PCIe 6.0 Specification Progress Now At Final Draft, Data Transfer Speeds As High As 128 GB/s

PCIe 6.0 Specification Progress Now At Final Draft, Data Transfer Speeds As High As 128 GB/s

PCI-SIG revealed earlier this week that PCIe 6.0 specification has reached the Final Draft stages—an important and much-needed step that shows completion of the Gen 6 PCIe technology. Any current SoCs conformable with version 0.9 specs will now be accessible to the new 1.0 versions. The only uncertainty is what applications need to upgrade and prepare for the PCIe 6.0 technology.

PCIe 6.0 Standard Almost Finalized, Hits Bandwidth of Up To 128 GB/s

PCIe 6.0 is listed to increase data transfer rates to 64 GT/s per pin, which is an increase from PCIe 5.0 speeds of 32 GT/s. The new technology will remain backward compatible with any current existing hardware. PCIe will now be capable of data transfers of 128 Gb/s in all directions on the x16 interfacing.

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There are five main checkpoints that PCI Express specs have to comply with—Concept, First Draft, Complete Draft, Final Draft, and lastly, Final. Version 0.7 of PCIe Gen 6 was the Complete Draft, which appeared less than a year ago, allowing large corporations and major tech developers, such as Synopsys, to begin utilizing the "PCIe 6.0 controller IP and PHY in silicon." The Final Draft version of PCIe 6.0 (version 0.9), allowed for members of the PCI-SIG to review the new standards for not only patents but also intellectual properties. From that point forward, no changes were permissible by PCI Express.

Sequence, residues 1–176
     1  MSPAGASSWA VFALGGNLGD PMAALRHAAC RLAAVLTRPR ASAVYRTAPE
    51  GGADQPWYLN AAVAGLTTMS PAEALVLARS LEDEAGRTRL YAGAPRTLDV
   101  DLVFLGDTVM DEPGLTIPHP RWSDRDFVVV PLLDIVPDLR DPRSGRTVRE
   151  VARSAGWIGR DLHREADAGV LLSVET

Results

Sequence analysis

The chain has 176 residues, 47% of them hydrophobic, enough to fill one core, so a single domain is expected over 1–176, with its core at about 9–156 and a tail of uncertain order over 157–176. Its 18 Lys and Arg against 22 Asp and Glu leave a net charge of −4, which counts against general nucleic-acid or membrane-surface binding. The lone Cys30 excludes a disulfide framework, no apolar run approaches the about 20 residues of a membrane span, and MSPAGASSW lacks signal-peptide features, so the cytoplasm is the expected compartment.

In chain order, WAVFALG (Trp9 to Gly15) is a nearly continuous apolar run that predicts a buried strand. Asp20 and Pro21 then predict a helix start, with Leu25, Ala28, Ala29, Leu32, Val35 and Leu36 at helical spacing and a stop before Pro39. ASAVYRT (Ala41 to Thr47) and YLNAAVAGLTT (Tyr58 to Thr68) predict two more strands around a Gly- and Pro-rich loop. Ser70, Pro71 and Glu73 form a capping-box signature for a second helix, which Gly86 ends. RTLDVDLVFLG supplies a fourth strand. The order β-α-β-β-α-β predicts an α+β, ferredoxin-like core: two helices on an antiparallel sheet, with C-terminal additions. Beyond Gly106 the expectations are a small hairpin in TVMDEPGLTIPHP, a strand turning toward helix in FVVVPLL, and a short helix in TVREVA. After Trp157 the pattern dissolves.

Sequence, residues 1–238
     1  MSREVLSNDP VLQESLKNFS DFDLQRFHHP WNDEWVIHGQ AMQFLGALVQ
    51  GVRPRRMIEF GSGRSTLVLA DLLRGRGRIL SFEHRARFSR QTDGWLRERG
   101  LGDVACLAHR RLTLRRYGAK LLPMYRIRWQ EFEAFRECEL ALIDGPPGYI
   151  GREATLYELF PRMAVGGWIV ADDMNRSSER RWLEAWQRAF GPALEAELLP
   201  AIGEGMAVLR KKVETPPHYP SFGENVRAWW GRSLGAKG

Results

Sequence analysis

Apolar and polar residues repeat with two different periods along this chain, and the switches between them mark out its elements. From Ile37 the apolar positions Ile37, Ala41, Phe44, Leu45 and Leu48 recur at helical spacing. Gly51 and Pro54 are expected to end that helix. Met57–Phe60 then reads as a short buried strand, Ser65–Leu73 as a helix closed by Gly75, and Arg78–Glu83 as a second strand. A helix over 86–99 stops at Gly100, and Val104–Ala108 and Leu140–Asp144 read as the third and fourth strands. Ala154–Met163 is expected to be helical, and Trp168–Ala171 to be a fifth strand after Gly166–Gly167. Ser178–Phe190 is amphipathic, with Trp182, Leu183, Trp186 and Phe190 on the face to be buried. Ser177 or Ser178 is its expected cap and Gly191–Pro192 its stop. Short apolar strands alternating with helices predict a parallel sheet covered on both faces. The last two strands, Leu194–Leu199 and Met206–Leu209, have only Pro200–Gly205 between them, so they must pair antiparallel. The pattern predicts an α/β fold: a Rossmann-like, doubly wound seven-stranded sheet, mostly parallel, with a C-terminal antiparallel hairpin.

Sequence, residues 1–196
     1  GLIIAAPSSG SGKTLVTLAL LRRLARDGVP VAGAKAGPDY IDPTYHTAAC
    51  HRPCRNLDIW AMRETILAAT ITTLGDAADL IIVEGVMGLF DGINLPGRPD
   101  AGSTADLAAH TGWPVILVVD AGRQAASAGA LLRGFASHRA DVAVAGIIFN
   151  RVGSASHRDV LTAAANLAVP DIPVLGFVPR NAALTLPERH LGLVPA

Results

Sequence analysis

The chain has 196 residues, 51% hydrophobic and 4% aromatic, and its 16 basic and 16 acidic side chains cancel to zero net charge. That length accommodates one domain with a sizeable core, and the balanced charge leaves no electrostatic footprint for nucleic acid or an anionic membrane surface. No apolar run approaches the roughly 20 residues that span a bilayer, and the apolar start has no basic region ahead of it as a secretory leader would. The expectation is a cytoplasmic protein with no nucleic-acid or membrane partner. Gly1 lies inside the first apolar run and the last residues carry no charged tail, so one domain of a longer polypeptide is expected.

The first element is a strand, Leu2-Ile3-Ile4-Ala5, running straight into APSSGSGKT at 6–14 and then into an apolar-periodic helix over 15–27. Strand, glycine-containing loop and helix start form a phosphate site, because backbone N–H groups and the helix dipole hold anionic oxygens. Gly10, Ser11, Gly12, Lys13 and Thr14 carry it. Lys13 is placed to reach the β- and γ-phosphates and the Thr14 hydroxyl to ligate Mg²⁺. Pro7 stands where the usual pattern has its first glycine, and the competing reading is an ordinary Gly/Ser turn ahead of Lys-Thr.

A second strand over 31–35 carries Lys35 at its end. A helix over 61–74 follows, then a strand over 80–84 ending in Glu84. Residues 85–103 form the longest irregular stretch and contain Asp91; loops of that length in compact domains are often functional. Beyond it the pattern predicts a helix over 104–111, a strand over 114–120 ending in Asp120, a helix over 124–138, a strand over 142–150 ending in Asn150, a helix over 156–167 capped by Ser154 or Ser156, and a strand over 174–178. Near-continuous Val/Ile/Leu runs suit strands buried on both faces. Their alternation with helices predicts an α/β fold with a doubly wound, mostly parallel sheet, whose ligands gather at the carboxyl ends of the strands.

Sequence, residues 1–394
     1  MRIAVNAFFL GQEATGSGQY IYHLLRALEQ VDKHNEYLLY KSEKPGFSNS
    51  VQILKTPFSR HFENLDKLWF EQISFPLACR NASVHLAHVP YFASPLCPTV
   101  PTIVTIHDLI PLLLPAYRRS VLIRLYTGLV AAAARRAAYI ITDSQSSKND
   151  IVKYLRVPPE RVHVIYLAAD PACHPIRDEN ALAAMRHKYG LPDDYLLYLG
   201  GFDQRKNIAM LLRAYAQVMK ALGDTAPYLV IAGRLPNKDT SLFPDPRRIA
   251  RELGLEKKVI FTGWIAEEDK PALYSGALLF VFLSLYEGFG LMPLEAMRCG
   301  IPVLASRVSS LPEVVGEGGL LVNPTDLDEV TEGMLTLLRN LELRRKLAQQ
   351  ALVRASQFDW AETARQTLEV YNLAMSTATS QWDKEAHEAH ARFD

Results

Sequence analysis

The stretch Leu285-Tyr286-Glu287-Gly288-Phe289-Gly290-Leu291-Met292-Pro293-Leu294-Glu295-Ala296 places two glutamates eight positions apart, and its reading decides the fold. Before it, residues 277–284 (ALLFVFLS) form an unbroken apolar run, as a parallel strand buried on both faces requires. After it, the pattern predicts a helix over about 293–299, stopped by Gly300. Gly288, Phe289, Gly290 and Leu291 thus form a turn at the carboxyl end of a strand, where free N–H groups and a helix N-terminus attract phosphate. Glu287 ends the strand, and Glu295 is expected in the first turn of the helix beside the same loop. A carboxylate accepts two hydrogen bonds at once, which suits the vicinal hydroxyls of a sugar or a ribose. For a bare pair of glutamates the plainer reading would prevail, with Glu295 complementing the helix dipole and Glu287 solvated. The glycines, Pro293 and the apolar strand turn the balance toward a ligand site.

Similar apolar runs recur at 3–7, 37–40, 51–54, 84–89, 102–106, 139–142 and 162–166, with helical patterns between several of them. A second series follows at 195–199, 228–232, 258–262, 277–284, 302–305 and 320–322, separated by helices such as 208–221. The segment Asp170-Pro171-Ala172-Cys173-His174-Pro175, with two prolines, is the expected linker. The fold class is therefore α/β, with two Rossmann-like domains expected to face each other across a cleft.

Manufacturers and developers utilizing PCIe Gen 6 version 1.0 had to create specific standards so that they could reach such high data transfer rates. Companies were expected to "adopt pulse amplitude modulation with four levels (PAM-4) or signaling, which is also used for high-end networking technologies like InfiniBand as well as GDDR6X memory." PCIe 6.0 showcases forward error correction (FEC) at minimal latencies so that it can allow for not only high rates of data but also remain extremely efficient.

The only hurdles for developers now are both cost and concerns overpower. PAM-4 is an expensive endeavor when it comes to both size of the die and in power, which will cause manufacturers to reduce costs were accessible to conform to the newest PCIe 6.0 technology. It is unclear how soon consumers will see developments utilizing the PCIe Gen 6 system, especially causing developers to find an affordable solution.

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